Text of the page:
The problem was that despite a fine reading from MD David Johnson, what started as minor errors became an accumulation of annoying clips, slips, transgressions and flaws  - none major, but all costly.

Woodfalls
Albert Hall bound for Woodfalls once again

Notable talent

A band of notable talent, confidence and purpose may well have been touched by the damaging hand of hubris itself.

Third place slightly flattered them on this occasion, but you suspect they won’t make the same mistake again at the Grand Shield in a few weeks time.  

Potential

Two bands that certainly played to their potential were Mount Charles and Lydbrook, who eventually finished fourth and fifth.

John Ward, restricted in movement due to his recovery from a pair of broken elbows and a fractured wrist, instead employed his cerebral talents to the full to mould a lovely interpretation of ‘St Magnus’ that retained faith (in all its meanings) with the poetic inspiration behind Downie’s masterful work.

With clever management of his band’s technical resources, and a desire to bring warmth and lyricism from the score, the result was a performance of insight and substance - a little light and sometimes scratchy, but a real antidote to the feverish desire of others to try and pummel ‘St Magnus’ into submission.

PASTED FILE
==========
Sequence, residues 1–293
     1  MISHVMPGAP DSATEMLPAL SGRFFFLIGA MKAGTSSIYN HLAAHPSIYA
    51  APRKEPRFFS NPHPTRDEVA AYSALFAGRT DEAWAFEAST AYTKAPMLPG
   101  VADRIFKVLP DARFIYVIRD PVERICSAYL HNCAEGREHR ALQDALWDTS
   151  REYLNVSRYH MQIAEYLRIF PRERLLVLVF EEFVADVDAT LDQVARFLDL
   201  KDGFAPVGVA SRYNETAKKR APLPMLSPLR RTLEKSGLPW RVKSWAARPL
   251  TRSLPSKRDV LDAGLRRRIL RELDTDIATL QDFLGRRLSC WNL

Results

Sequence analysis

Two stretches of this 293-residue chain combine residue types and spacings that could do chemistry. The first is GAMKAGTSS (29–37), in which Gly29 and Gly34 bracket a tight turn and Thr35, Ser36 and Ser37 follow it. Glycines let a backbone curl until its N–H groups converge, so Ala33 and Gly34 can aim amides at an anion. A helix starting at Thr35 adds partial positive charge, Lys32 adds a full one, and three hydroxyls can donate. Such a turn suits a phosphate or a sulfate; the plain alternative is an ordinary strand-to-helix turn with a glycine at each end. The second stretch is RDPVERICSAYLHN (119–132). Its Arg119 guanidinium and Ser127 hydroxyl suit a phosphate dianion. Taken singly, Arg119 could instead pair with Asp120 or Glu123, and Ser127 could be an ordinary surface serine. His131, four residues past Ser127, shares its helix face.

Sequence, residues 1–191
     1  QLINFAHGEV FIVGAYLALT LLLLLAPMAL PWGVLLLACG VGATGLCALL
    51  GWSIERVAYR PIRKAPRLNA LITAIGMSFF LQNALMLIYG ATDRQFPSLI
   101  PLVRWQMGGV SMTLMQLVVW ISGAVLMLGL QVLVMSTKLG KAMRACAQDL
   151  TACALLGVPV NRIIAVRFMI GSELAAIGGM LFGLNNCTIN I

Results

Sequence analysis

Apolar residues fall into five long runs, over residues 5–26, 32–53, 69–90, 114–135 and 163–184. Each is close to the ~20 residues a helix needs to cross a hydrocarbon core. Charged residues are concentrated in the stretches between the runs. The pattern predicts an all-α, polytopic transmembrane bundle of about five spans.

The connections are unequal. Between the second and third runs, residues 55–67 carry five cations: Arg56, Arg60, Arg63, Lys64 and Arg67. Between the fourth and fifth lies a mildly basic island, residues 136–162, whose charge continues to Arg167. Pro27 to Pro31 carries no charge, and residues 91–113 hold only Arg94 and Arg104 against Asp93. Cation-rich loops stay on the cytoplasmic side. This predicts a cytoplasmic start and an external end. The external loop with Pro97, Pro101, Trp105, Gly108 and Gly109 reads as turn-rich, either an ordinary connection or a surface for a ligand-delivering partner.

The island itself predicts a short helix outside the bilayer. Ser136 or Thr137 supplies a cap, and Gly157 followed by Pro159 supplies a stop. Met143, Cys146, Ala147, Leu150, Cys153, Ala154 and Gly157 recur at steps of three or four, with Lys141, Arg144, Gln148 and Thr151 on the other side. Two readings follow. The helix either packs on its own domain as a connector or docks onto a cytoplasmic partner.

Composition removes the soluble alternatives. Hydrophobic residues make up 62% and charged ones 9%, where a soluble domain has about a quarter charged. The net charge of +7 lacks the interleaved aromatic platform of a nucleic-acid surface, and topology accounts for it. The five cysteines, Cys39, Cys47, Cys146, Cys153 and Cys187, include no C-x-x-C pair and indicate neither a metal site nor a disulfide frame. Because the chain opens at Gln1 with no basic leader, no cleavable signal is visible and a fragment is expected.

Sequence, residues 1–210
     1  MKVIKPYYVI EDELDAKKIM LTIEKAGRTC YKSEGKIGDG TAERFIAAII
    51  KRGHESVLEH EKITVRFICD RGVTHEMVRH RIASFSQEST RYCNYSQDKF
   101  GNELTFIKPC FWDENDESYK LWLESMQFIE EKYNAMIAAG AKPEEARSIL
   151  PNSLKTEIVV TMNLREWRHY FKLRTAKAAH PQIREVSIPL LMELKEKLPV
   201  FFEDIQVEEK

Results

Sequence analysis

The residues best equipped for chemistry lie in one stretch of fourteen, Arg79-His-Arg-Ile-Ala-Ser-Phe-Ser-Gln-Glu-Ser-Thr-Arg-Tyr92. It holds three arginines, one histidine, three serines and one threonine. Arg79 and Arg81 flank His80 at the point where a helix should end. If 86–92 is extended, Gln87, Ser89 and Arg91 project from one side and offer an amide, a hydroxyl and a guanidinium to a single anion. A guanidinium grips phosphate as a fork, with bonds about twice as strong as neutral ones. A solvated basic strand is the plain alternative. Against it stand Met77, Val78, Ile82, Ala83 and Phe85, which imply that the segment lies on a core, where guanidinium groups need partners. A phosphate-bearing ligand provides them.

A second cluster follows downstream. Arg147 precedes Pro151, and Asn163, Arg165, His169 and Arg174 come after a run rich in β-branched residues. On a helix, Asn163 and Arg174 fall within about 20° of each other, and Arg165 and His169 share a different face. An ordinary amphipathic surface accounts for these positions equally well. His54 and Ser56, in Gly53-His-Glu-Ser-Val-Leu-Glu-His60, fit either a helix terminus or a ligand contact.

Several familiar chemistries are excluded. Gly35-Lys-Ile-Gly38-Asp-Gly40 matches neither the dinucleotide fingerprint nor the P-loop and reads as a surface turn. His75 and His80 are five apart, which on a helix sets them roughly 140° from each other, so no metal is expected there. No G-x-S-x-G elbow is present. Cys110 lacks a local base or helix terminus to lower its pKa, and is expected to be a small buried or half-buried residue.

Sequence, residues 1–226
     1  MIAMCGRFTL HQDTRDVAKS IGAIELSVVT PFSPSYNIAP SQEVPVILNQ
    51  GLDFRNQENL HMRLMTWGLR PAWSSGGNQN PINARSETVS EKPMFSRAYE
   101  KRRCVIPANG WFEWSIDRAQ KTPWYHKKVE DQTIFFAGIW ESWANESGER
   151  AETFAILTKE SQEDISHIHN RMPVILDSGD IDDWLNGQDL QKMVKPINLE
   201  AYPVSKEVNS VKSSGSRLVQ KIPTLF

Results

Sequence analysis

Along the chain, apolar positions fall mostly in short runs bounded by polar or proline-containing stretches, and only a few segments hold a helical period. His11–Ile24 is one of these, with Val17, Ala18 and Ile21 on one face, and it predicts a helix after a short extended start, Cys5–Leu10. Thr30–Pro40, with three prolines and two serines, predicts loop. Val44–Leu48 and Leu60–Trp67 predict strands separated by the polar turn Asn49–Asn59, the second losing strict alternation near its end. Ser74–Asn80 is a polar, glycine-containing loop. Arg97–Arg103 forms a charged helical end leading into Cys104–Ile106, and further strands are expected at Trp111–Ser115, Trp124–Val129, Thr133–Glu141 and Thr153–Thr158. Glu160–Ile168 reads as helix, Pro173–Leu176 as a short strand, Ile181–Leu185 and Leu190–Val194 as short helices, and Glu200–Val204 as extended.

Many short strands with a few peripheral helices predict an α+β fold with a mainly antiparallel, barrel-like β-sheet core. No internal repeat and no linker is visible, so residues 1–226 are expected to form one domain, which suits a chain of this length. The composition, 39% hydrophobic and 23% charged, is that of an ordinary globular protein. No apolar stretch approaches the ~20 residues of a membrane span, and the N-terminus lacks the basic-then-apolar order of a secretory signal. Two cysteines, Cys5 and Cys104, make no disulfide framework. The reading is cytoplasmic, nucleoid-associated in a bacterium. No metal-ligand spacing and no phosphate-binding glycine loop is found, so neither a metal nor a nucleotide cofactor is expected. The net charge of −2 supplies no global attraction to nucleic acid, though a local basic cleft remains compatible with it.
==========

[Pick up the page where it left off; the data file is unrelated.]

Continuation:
No nonsense

Tom Davoren meanwhile deliberately opted for more artisan endeavour - although just as expertly managing his available resources with Lydbrook to produce a solid, no nonsense account that never saw latent ambition outstrip carefully constructed intent.

The only other band that may have realistically challenged for a qualification place was Camborne, but their efforts were fatally undermined by a disastrous miscommunication between MD John Berryman and soloists at the opening. 

After that there was much to admire and excite, but the damage had been done, and with scrappiness in other areas they could never make up lost ground to end a disappointing sixth.

Aldbourne
Just missing out again - Aldbourne come third

Car crash

A solid effort from a maturing St Dennis held promise for the future under the baton of Darren Hawken, whilst Sherborne will have been delighted that MD, Paul Cosh even able to even make it to the stage to conduct them off the number 1 spot after being involved in a car accident on the way to the contest.

Thankfully he was OK, and did his usual fine job in what must have been trying circumstances, as he still looked visibly shaken as he left the stage.

Nous

Both Lanner & District and Michelmersh Silver struggled - at times noticeably so, but thanks to the nous of two experienced MDs, things were kept on track - although it was touch and go at times.